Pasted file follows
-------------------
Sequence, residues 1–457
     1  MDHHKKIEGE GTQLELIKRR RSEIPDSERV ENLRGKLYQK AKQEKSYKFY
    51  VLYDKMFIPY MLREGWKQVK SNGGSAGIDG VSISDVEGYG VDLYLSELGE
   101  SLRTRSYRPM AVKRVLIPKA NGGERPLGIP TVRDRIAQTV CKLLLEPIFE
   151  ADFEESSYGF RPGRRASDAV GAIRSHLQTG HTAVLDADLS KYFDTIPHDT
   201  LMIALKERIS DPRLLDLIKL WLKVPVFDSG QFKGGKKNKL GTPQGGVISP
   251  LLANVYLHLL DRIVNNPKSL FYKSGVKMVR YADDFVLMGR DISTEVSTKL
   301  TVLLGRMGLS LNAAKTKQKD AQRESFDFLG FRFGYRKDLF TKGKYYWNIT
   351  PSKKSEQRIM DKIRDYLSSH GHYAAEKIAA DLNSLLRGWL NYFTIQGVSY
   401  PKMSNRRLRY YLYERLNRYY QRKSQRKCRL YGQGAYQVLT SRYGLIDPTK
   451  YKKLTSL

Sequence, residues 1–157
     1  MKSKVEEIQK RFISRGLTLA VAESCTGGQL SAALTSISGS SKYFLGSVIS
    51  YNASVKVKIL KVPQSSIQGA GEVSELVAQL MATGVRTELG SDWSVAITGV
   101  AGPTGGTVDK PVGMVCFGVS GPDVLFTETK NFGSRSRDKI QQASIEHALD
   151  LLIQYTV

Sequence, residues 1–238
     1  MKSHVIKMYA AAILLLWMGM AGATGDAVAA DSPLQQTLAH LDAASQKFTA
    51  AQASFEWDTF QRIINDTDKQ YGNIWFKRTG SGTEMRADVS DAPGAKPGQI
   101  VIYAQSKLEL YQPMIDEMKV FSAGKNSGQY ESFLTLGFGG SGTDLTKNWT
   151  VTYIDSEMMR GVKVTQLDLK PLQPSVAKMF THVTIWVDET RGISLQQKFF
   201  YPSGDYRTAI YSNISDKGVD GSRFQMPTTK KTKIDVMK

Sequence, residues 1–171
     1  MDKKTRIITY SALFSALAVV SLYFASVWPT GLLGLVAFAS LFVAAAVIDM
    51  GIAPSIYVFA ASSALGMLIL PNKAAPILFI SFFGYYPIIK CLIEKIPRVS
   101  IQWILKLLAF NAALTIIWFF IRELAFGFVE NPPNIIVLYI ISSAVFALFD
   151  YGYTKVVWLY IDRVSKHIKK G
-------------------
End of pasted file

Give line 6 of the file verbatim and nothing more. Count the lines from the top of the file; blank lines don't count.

   201  LMIALKERIS DPRLLDLIKL WLKVPVFDSG QFKGGKKNKL GTPQGGVISP